There is a certain romance to twins. Generally what is envisioned is the double stroller being pushed down the street, garnering all of the attention, the identical outfits accentuating twins’ likeness, and admiration of the parents from all for surviving such a grueling infant period. There’s a certain glory to twins. And all of this is fair, because twins are special. It is a double blessing. Take the most important gift you can receive, double it, and you have twins.
But twins create a high-risk pregnancy, and an obstetrician must watch this pregnancy very carefully, because a twin gestation makes more likely a most dangerous complication–premature delivery. If a woman carrying a single baby were to wonder how much more pregnant she can get at, say, eight months, imagine what it feels like when hitting that point at six months with twins. If it seems like there’s no more room for baby in a single pregnancy, then twins get just plain ridiculous. The body thinks so, too, and tends to want to deliver prematurely what it thinks is just a single big mature baby months before twins are ready.
Vigilance for premature labor can involve medicines for premature labor, hospitalization, weeks of bed rest, and still….a premature delivery. Another concern is whether one twin will get more than its share of oxygen and nutrition at the expense of the other. Called discordancy, one twin will grow too big and the other not enough. Ironically, this puts both in grave danger, as the overload on the larger twin can be just as lethal as the deprivation to the smaller.
Many ultrasounds are needed in twin gestations to make sure the babies are both growing at roughly the same rate. If twins are identical, there’s a chance that they might share the same sac instead of there being a dividing membrane between them; this makes cord entanglement a real possibility, putting both babies in mortal danger. Once again, ultrasound comes to the rescue to show the membrane that would put that worry to rest. All of the complications of a single pregnancy can have earlier onset in twins, since there’s an obvious increase in the give-and-take in the mother-baby physiologic relationship.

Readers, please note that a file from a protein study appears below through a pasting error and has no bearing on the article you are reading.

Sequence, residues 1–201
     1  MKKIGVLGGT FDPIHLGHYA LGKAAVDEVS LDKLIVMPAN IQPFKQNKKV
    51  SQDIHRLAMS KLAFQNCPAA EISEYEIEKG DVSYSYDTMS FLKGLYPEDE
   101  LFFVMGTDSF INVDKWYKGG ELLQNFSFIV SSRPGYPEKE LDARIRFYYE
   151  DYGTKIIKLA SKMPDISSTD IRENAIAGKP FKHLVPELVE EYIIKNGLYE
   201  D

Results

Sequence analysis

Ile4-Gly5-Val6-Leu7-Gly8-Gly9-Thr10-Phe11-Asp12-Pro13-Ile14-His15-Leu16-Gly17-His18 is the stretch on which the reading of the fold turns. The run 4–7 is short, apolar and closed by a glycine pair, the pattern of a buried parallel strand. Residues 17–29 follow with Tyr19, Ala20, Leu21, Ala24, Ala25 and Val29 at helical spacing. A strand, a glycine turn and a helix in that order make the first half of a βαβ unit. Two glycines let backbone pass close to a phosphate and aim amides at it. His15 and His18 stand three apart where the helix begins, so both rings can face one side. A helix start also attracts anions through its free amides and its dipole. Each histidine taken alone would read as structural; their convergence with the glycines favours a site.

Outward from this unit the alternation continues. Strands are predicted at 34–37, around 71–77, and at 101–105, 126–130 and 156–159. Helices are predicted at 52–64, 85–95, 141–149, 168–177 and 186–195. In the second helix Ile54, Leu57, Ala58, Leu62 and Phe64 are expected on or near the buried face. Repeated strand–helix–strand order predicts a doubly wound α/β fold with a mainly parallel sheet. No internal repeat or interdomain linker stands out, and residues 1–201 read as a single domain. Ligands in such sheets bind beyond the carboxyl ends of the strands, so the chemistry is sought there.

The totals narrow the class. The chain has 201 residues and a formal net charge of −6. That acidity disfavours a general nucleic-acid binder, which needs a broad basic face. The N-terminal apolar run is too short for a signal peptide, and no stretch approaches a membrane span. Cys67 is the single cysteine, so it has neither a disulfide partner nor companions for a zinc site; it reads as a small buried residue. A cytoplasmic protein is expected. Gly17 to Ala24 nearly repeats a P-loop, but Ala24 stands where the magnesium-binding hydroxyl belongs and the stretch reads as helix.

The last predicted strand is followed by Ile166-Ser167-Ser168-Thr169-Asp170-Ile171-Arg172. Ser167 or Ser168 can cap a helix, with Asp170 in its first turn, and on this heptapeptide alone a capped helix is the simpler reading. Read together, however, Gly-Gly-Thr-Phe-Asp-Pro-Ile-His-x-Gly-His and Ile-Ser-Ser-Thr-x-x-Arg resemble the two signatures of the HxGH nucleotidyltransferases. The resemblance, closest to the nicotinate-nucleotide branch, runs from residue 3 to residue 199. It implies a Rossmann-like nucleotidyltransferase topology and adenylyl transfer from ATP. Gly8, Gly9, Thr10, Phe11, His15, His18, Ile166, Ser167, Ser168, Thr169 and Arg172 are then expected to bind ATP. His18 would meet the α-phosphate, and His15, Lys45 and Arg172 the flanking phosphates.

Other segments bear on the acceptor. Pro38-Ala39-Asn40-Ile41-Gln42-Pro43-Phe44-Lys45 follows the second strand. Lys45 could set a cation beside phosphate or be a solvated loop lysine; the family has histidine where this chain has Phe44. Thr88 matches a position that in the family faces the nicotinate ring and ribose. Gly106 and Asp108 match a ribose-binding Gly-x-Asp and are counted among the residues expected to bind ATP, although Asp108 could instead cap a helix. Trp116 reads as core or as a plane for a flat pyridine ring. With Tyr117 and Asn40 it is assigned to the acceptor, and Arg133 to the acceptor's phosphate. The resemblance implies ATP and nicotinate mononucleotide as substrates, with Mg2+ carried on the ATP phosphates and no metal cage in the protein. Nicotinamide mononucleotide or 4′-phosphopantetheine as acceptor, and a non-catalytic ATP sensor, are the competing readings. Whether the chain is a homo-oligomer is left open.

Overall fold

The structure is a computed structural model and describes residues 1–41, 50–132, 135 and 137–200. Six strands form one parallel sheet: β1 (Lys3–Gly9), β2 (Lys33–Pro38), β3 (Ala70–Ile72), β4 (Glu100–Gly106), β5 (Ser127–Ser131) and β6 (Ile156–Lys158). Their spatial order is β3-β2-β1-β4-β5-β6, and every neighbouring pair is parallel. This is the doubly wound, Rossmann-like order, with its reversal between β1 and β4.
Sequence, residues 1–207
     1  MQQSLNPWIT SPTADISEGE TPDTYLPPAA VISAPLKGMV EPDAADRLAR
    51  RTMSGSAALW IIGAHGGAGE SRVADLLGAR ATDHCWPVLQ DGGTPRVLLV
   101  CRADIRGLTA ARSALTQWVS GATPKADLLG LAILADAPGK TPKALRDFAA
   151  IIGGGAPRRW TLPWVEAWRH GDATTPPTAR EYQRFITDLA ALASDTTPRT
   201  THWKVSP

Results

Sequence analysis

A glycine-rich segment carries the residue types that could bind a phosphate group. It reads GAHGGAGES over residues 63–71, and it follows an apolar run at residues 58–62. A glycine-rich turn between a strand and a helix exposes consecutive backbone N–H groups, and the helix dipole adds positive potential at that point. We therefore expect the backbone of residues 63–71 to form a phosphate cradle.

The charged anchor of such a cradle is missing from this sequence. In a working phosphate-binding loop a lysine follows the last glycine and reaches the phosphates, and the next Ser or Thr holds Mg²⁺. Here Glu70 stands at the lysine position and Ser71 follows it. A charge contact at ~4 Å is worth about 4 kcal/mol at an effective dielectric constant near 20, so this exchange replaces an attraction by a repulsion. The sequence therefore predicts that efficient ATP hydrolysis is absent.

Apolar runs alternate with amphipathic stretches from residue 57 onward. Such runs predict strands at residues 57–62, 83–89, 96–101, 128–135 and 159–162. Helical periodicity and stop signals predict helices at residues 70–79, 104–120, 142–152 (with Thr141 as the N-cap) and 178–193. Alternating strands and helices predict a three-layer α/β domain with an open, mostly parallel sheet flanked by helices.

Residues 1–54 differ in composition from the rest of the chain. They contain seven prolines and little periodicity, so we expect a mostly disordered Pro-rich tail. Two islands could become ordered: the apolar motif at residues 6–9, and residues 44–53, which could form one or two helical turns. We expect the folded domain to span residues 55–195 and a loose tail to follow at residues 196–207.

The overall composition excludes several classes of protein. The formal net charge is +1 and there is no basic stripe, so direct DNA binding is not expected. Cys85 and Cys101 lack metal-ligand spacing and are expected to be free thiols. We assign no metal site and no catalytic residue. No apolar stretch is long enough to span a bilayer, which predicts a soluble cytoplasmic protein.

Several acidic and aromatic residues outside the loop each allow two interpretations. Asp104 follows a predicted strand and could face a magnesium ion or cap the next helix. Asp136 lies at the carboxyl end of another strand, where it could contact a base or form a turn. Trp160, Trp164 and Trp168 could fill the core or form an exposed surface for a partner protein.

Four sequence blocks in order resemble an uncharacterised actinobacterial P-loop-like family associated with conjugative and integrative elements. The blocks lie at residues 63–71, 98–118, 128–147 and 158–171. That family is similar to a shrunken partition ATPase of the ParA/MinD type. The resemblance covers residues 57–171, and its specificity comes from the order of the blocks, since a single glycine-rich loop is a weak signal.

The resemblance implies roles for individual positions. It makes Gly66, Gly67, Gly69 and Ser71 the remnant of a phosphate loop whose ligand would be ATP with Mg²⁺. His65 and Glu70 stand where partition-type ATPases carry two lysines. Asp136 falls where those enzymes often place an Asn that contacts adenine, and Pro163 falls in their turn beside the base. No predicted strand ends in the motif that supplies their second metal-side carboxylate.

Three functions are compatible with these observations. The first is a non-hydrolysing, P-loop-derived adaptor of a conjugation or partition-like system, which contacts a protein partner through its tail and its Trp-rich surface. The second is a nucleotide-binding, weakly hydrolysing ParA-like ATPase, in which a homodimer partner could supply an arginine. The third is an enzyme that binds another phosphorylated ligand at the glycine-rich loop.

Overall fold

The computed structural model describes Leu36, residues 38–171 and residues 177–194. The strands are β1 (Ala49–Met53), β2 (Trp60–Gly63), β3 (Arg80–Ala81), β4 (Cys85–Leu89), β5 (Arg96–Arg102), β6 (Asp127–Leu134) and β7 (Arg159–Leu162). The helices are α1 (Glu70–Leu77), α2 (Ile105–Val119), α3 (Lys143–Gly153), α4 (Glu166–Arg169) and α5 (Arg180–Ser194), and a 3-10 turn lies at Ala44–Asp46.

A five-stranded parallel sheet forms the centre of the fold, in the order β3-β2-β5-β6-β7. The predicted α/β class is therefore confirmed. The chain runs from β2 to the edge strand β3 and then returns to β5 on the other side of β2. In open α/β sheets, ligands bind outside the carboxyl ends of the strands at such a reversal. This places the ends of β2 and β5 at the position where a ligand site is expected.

Preeclampsia (toxemia), consisting of a symptom collection of high blood pressure, swelling, kidney problems, and possibility of seizures, is more likely to occur (and earlier) in a twin pregnancy. Placental accidents are more likely too. Placenta previa, wherein the placenta lies over the opening of the womb, blocking the route out for a vaginal delivery, is more likely because there’s more placenta there and less space for it to occupy. Placental abruption, a premature tearing away of the placenta, is also more likely than in single pregnancies. This event could result in significant blood loss, danger of transfusion for the mother, and mortal risk for the babies.
Delivery poses dangers as well. The jumbling together of two babies makes for frequent abnormal positioning of one or both twins. Breech babies are frequent, as are impossible-to-deliver presentations like shoulder- or transverse-presentations. This “malpresentation” can make C-section the safest way to deliver. Prolapse of an umbilical cord is more frequent with such malpresentations, so therefore it is more frequent with twins. A cord prolapse can pinch the cord, cutting off oxygen to the baby.
And now the good news: modern obstetrical care and careful surveillance of two babies usually yields a good result. Even though multiple gestation is definitely high risk, we have at our disposal tools to closely monitor the pregnancy and birth and intervene when necessary. Having twins is the most dramatic argument for good prenatal care, because it’s a situation where prenatal care can be so crucial for a healthy outcome.
The special gift of twins occurs in slightly more than one in a hundred pregnancies, but this number will certainly change for the bigger as more infertility drugs are used in more aggressive attempts at pregnancy. As obstetricians dedicated to the best prenatal care, we know we’ll be seeing more of this than previously.
Let the romance continue, we’re ready.